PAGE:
Among the problems is the topic of releasing a body in a timely manner. Northcutt said most hospitals will release a body to a funeral home within two hours of death under normal circumstances. However, according to Northcutt, UK Hospital can take anywhere between five hours and several days to release a body once the funeral home has been contacted.
“UK, they’re an excellent facility, but this has been an ongoing problem for years,” he said.
LEX 18 contacted four funeral homes to get their insight, all of whom agreed that the problems originated years ago and their complaints have gone unheard.
Following Northcutt’s Facebook post, a UK Hospital senior administrator was made aware of the complaints and invited Northcutt to meet with hospital staff to discuss the issues.
“We’re not perfect and if there are ways we can make that system better, we need to engage in that dialogue and be committed to doing that. We’re going to do that,” said Jay Blanton, UK’s Chief Communications Officer.
Blanton additionally released the following statement:
“UK HealthCare maintains a standardized and comprehensive process for the appropriate release of information and identification of a patient, who unfortunately has passed away. It is critical that we have a standardized and rigorous process, given the complexity of many of the cases we confront as the state’s leading provider of specialty care. It’s also important that we have a process that is compassionate, involving dedicated clinicians and provision of pastoral care to families who need and want it. We strive to give a family as much time as they need to grieve. We care about the families who trust us and we never want to rush the grieving process.”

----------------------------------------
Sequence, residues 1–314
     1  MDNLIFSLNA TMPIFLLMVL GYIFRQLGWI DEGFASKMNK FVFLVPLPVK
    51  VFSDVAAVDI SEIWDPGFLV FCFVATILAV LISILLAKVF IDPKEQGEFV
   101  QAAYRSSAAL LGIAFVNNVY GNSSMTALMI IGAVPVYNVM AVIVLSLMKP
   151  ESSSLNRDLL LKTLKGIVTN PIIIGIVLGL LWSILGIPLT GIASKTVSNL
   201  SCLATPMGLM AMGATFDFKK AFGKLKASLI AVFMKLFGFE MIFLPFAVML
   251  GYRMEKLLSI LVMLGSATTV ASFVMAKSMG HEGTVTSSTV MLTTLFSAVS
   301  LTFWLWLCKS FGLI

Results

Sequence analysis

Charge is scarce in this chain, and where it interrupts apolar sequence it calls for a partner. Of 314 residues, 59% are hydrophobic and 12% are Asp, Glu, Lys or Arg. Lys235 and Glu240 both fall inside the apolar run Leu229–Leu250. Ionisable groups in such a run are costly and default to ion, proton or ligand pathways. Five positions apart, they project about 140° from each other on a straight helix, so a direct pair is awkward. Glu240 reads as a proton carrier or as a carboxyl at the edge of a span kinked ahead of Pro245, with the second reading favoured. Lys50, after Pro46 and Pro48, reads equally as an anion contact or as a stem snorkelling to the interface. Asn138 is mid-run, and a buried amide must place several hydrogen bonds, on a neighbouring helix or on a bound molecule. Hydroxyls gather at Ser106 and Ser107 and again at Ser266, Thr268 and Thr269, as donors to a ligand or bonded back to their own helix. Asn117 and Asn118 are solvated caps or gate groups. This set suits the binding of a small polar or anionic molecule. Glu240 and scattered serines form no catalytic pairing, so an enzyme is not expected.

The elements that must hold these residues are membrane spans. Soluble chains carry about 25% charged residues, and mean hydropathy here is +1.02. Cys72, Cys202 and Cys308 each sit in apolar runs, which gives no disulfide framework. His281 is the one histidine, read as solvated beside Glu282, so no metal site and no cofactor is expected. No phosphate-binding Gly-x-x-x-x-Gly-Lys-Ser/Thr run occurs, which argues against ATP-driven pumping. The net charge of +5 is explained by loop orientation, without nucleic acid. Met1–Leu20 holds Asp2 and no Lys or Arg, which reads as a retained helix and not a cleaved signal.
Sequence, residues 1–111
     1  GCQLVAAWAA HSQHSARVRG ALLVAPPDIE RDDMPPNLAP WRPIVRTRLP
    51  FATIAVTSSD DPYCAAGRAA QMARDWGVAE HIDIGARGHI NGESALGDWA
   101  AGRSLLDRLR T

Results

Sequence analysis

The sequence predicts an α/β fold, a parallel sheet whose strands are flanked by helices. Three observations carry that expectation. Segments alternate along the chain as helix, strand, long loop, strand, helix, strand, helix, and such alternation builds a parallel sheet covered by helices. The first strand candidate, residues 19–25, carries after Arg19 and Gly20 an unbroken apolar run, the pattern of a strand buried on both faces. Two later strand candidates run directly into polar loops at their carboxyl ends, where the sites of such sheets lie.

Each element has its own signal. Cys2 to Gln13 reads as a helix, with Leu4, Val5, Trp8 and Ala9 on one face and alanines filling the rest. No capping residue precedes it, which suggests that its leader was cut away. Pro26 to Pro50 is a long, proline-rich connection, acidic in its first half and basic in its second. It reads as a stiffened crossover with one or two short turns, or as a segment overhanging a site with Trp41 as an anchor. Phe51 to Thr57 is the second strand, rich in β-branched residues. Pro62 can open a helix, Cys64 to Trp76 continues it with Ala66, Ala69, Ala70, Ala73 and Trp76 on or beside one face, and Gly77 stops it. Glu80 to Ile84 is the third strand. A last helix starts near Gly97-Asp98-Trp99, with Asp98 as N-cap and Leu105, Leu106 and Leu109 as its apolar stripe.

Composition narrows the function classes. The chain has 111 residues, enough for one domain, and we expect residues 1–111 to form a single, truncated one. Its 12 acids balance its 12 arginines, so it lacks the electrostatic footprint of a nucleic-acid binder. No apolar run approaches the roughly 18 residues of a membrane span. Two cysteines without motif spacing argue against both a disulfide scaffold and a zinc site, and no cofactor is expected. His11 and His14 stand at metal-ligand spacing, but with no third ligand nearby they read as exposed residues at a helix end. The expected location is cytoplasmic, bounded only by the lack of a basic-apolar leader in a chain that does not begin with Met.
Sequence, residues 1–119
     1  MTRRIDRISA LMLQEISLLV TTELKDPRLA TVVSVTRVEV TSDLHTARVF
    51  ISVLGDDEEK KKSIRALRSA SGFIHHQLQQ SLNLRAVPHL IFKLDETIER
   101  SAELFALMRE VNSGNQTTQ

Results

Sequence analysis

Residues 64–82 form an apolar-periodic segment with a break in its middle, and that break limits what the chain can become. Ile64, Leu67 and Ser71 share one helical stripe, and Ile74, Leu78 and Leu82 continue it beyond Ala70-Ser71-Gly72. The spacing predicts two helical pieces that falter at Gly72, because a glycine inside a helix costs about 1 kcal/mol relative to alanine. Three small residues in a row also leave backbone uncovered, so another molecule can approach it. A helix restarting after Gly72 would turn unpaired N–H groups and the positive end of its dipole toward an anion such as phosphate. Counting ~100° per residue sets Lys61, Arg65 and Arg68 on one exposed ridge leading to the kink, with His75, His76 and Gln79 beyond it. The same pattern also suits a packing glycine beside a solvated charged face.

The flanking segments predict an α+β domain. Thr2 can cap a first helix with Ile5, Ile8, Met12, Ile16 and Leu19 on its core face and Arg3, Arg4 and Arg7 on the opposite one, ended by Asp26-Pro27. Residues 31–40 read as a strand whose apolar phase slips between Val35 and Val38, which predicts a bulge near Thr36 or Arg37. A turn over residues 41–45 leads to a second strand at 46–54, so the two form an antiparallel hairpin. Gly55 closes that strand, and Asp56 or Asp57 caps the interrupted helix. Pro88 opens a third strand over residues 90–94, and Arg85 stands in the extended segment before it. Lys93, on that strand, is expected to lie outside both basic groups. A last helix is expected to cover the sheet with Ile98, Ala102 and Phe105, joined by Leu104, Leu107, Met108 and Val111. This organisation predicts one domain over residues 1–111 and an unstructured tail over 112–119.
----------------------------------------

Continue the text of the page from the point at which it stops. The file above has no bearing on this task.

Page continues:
LEX 18 asked Northcutt about his reaction to the hospital’s statement. He acknowledged there are instances which may delay the release of a body, including organ donation and police investigations, however he said his complaints exclude those.
“These are all natural deaths. There’s no disease involved. There’s no coroner’s investigation. There’s no KODA,” he said. “These are just natural deaths and people that have died from natural causes. There should not be a delay in the human remains being released to the funeral home.”
Following an interview with LEX 18, UK HealthCare released the following statement:
“We have extensive internal policies regarding the identification and release of a loved one. Unfortunately, there is not one set time or time frame for a release. Every instance is different, given the complexity of cases and the often severe and serious illnesses we treat. How complex a patient is can impact how long it takes to appropriately identify and prepare for release to a family or funeral home and coroner. We try to administer that process compassionately and sensitively. We aren’t perfect, though, and we can and will always examine ways to do better. We apologize to any family that encounters further duress or sadness as a result of the time this process can take, even if for legitimate health care reasons. Our goal is to do always do everything we can for those we care for and for their families and loved ones who are enduring this most difficult of circumstances.”
Northcutt said he’s looking forward to the March 13th meeting with UK Hospital.
“I’m very optimistic that after the meeting, that we can get this problem fixed,” he said.
Lisa Reed said she’s glad the hospital will be hearing the complaints and is hopeful change will come from it. She said she doesn’t want to see anyone go through what she did.
“There’s no excuse except somebody dropped the ball,” she commented.